The castle on a pencil tip

When we talked about high-resolution 3D printing, one question came up repeatedly: how does UpNano define high resolution?

 

At TU Wien we have developed a simple and vivid answer to that. Scroll page to find out.


Take
a pencil.

Sharpen it.

And
3D print
a castle
on its tip.

The castle on a pencil tip

When we talked about high-resolution 3D printing, one question came up repeatedly: how does UpNano define high resolution? At TU Wien we have developed a simple and vivid answer to that:

UpNano_Castle_on_a_Pencil_Tip_Slideshow_V2_Mobile

Take a pencil.

UpNano_Castle_on_a_Pencil_Tip_Slideshow_V2_Mobile2

Sharpen it.

UpNano_Castle_on_a_Pencil_Tip_Slideshow_V2_Mobile3

And 3D print a castle on its tip.

UpNano_Castle_on_a_Pencil_Tip_pillars

Thinner than a human hair

With the NanoOne high-resolution printer from UpNano you can print your own castle on a pencil tip. The system achieves a spatial resolution down to a nanometer level. The pillars of the right spire have a diameter of 950 nm and are thus a 100 times thinner than a human hair. Hard to believe, but despite this fineness the pillars are perfectly straight and fulfil their weight-bearing function.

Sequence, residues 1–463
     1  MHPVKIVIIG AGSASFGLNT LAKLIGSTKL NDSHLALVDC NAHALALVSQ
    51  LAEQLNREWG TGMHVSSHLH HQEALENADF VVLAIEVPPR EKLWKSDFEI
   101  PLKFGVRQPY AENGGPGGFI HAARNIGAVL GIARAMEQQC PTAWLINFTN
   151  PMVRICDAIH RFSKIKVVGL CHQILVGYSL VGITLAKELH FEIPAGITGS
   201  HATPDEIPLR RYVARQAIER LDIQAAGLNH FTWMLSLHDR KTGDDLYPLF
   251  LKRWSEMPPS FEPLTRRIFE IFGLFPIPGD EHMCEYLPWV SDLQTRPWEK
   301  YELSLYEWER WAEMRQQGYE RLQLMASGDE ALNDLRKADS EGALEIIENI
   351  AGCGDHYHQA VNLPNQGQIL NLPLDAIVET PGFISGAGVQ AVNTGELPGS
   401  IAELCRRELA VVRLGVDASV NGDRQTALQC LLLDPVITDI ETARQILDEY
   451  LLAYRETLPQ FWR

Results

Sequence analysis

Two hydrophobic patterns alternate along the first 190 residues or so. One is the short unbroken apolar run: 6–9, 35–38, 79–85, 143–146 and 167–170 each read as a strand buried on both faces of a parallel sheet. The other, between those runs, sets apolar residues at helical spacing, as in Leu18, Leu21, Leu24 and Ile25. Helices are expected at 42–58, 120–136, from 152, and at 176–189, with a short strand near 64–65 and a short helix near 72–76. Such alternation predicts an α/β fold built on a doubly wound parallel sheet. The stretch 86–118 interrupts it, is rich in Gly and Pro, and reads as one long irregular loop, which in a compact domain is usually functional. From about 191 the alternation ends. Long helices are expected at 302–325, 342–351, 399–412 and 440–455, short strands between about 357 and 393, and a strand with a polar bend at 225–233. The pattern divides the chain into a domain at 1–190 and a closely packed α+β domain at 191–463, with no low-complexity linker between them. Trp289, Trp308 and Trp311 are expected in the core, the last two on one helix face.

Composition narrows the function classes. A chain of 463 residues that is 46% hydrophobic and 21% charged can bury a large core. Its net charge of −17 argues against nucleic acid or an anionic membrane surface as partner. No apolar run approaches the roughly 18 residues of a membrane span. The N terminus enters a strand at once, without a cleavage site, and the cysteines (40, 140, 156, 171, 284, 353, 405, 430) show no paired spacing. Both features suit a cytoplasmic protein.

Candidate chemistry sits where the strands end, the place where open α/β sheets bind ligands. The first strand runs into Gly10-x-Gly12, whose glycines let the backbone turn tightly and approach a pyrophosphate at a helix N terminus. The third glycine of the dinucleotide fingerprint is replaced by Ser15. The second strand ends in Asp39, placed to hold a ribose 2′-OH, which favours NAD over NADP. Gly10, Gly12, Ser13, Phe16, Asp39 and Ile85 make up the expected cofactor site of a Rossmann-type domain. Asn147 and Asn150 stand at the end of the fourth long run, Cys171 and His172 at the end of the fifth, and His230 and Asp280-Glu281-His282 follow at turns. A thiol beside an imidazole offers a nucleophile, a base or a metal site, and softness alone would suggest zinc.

You will only believe it when you have seen it

The mini-castle has a dimension of 230x250x360 µm and was printed in less than six minutes. Have a look at the YouTube video explaining the fabrication of the castle by 2-photon lithography.

UpNano_Castle_on_a_Pencil_Tip_Bilder
UpNano_Castle_on_a_Pencil_Tip_WikiScience

Winner of Wiki Science Competition

A picture of the 3D printed castle in nanoscale was awarded first prize in the 2017 Wiki Science Competition in Austria.

From the sketch to implementation

The design of the castle on a pencil tip was created by Daniela Mitterberger and Tiziano Derme from the design studio MäID in Graz. Their ambition was to reinterpret the Sutyagin House in nanoscale – the residence of the local crime lord Nikolai Petrovich Sutyagin and his family in Arkhangelsk, Russia. The 44-meter-tall building was considered the highest wooden building in the world, or at least in Russia. The building was declared a fire hazard, and following a court order the house was demolished in 2008.

UpNano_Castle_on_a_Pencil_Tip_Sketch